Discussion Topic

The portrayal of both the positive and negative aspects of childhood in Dylan Thomas's "Fern Hill."


In "Fern Hill," Dylan Thomas portrays childhood positively by depicting it as a time of innocence, freedom, and joy, filled with vibrant imagery of nature and play. However, he also highlights the negative aspect by reflecting on the inevitable loss of this innocence and the passage of time, which leads to a nostalgic and bittersweet tone.

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What negative aspects of childhood does Dylan Thomas touch on in "Fern Hill"?

The poem discusses a carefree and joyful childhood, where time doesn't seem to matter, the sun shines, and life is easy. However, the last line states, "Time held me green and dying/though I sang in my chains like the sea." this last stanza discusses the fact that, though the author or speaker had a "carefree" and "heedless" childhood, time eventually runs out. The same concept of time that in stanzas one and two lets the speaker "hail and climb" and "play and be," eventually no longer allows him these freedoms. The comparison of Adam and Eve's fall from the Garden of Eden shows the boy's fall from the paradise of childhood ("before the children green and golden/followed him out of grace...). Time holds him "green and dying" as an adult, yet he still "sang in (his) chains like the sea." It is a beautiful metaphor, although he is chained by life, by only the certain amount of time that is given him, he can still sing in those chains. The knowledge and experience that comes with adulthood teaches us that time is fleeting and ignorance cannot last forever.

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How is childhood glorified in Dylan Thomas's poem "Fern Hill"?

Fern Hill” is a poem by Dylan Thomas. In this poem, the poet reminisces about his childhood. We can see that in the first line, which reads “as I was young,” a clear indication of the fact that the poet is talking about the time when he was a child.

He recreates his childhood by describing the physical surroundings of his memories in detail, such as the “lilting house”, the “apple boughs” and the “daisies and barley,” which help the reader to imagine the rural landscape in which the poem is set. This positive and inviting description of his surroundings clearly create an optimistic image, which underline the poet’s fond childhood memories.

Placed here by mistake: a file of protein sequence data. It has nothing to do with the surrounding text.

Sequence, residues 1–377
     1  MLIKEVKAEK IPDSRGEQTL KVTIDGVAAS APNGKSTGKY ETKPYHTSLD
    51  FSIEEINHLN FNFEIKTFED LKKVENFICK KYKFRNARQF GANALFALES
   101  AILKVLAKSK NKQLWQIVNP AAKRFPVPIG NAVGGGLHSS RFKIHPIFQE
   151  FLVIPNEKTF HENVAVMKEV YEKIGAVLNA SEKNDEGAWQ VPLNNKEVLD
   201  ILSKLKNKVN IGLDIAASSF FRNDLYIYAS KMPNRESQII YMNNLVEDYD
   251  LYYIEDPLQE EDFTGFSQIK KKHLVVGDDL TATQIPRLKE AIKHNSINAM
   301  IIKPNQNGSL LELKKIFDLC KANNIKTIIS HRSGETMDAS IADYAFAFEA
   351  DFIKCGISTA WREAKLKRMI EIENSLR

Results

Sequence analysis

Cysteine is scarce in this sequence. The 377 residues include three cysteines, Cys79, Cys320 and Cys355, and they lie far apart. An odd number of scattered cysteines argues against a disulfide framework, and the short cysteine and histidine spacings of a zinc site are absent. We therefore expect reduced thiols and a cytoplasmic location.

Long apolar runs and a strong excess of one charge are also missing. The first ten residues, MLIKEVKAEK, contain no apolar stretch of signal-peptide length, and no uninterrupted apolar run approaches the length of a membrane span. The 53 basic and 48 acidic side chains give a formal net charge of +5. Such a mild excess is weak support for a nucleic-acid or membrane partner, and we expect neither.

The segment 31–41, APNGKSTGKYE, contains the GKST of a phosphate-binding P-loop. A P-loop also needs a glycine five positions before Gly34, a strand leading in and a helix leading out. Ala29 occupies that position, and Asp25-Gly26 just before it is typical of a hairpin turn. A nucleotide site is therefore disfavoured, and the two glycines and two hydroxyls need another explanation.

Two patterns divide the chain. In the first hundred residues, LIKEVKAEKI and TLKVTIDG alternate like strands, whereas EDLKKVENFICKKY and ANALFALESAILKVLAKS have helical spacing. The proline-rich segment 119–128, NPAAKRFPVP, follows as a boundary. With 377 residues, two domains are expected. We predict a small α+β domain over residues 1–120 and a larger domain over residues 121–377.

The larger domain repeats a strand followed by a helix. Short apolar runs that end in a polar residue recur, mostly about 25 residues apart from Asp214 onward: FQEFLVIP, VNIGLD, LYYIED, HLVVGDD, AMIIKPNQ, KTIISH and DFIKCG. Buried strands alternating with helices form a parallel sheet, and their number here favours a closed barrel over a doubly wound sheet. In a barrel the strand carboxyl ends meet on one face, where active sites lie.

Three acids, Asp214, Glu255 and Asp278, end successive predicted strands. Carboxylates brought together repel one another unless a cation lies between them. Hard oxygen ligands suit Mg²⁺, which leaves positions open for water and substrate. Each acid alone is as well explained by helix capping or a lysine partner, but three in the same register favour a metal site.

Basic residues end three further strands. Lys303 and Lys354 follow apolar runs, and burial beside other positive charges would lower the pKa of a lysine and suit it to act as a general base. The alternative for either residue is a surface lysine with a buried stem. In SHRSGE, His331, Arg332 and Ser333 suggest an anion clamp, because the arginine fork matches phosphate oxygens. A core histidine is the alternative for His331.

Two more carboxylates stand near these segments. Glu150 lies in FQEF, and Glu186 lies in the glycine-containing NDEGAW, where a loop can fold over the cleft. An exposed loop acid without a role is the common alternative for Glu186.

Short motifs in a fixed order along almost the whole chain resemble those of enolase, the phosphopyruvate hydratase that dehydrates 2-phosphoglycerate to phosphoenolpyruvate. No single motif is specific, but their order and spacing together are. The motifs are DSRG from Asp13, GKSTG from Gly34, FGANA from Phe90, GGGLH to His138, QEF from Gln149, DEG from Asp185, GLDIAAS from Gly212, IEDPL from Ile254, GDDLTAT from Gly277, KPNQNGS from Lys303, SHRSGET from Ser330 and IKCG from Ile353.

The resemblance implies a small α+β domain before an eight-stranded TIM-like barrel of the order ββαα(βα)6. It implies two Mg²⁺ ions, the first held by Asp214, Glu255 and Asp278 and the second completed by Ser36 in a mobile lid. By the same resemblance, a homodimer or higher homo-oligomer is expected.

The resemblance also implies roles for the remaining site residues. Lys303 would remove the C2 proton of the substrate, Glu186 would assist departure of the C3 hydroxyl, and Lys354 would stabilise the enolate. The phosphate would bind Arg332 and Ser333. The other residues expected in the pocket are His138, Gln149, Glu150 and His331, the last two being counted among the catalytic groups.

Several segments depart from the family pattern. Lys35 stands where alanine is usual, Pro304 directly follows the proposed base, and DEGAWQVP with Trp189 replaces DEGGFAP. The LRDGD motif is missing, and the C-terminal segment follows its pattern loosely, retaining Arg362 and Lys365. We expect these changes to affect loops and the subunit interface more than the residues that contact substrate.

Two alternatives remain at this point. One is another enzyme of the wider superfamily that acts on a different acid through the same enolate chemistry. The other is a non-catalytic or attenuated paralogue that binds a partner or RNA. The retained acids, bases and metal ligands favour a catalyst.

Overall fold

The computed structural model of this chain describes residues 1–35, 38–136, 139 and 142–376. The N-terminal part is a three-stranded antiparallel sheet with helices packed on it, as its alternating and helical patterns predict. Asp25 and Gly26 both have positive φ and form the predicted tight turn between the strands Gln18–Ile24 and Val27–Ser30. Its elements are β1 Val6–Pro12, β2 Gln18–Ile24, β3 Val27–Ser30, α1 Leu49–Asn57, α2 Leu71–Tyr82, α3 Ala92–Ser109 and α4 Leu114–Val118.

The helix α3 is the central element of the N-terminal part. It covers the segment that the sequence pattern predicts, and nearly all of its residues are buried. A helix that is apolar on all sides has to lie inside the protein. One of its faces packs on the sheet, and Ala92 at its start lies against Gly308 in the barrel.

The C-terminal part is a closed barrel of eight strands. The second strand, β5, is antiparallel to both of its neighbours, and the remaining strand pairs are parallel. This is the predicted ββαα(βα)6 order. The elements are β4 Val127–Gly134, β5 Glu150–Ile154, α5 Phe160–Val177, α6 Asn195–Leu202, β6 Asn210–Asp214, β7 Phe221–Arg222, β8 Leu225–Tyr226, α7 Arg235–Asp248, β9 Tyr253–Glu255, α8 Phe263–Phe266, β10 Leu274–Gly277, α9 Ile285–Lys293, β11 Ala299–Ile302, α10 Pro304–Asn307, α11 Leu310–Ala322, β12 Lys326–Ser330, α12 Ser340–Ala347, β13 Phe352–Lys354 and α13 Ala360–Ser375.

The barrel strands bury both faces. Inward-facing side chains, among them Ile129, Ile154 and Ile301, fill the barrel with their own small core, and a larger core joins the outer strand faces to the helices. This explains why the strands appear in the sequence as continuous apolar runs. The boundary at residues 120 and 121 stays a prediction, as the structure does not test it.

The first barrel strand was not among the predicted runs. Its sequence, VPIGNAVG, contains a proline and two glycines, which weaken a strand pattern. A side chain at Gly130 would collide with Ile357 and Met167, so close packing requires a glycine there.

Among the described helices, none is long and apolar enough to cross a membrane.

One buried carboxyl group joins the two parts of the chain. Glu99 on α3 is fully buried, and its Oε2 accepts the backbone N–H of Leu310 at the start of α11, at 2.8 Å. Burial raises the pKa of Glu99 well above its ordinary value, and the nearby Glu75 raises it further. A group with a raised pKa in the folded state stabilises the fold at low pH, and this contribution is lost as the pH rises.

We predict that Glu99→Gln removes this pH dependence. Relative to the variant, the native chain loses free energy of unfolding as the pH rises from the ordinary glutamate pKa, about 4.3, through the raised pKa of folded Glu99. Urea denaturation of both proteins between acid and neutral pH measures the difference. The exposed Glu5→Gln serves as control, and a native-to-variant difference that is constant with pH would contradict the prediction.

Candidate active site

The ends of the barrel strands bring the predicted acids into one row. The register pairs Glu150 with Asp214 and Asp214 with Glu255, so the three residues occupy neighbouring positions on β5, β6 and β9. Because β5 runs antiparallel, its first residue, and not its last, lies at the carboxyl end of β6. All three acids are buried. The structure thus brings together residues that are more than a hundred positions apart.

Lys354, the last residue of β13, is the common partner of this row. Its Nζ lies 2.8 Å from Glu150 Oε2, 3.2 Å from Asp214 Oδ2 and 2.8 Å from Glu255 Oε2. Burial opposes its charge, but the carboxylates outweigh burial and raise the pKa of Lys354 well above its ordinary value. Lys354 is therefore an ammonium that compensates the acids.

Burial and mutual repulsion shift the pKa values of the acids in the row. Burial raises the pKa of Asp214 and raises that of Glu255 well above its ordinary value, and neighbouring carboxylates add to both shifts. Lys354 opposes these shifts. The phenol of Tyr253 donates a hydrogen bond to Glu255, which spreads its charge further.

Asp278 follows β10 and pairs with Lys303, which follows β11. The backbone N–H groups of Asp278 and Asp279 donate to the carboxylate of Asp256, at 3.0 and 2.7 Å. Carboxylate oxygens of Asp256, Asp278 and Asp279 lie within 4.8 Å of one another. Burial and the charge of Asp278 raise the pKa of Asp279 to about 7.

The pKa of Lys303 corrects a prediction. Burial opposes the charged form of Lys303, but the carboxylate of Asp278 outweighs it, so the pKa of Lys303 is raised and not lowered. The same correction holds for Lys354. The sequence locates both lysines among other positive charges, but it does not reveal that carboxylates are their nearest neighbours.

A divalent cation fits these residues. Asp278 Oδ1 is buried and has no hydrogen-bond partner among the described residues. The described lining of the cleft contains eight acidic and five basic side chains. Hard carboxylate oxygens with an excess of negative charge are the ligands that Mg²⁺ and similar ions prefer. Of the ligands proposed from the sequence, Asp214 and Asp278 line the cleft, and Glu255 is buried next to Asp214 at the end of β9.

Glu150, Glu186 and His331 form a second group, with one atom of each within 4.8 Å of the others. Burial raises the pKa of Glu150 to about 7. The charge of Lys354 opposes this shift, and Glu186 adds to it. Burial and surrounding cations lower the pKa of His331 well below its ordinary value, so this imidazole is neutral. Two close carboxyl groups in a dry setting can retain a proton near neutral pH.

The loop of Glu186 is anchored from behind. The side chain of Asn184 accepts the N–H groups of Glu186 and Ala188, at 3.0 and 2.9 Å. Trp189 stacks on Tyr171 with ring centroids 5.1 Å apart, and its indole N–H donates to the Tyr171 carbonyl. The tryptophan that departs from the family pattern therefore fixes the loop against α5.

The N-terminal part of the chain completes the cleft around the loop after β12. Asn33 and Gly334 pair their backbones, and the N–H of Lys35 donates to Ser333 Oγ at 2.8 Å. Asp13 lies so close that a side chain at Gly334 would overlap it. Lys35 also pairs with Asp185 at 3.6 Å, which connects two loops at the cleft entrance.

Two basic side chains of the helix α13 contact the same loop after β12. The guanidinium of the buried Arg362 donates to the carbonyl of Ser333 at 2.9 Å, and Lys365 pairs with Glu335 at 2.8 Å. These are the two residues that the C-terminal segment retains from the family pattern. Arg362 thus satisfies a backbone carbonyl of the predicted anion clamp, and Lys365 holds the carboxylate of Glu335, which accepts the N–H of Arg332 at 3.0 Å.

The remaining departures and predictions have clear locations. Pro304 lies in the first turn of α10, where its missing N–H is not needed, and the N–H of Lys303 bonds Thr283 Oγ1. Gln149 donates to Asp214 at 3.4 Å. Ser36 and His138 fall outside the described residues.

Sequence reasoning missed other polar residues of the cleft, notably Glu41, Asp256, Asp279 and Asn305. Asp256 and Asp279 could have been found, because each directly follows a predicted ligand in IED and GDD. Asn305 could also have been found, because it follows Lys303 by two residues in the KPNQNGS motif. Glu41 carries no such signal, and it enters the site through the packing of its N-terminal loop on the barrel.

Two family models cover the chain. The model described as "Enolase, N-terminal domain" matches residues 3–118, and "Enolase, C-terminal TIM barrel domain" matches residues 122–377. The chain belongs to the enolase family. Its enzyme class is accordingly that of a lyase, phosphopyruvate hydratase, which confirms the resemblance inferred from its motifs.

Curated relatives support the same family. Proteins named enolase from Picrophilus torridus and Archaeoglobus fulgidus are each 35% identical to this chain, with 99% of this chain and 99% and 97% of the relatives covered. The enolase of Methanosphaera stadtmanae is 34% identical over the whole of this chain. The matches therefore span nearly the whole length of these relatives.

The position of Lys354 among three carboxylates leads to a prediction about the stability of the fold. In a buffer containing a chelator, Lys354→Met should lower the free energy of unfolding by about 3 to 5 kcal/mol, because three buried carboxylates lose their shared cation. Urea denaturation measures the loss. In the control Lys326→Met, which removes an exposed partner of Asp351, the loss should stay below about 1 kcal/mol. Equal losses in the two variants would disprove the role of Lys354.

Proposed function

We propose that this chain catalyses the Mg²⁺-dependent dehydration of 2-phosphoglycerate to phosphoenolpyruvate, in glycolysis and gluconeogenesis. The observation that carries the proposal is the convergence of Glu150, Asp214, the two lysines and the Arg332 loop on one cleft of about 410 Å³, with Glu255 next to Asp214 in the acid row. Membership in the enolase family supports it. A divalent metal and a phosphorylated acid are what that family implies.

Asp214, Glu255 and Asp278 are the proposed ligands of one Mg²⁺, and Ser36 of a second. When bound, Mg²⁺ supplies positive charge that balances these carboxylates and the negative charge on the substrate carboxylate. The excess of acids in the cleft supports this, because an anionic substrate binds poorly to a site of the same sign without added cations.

The poet also uses very positive words, such as “happy yard” and “it was lovely,” which further underline the fact that the poet is glorifying his childhood.

In addition to describing the surroundings, the poet also recreates his happy childhood memories by describing his activities on the farm. He tells us that he was “singing” and that “time let (him) play.” The poet also tells us that he used to engage in imaginative play by pretending to be a “huntsman and herdsman.” These are all activities that a reader would easily associate with a happy childhood. Therefore, these descriptions further help the reader to imagine the poet as a child. They send a clear positive message about the poet’s innocent days as a child.

This is further underlined by the lamenting tone of the very last stanza. Here, the poet shows us how he misses his innocent childhood days. We can see that the poet is lamenting the loss of his childhood, for example, in the line “oh as I was young.” The exclamation “oh” has been chosen by the poet in order to express his regret. This highlights the poet’s fond and glorified memories of his childhood.

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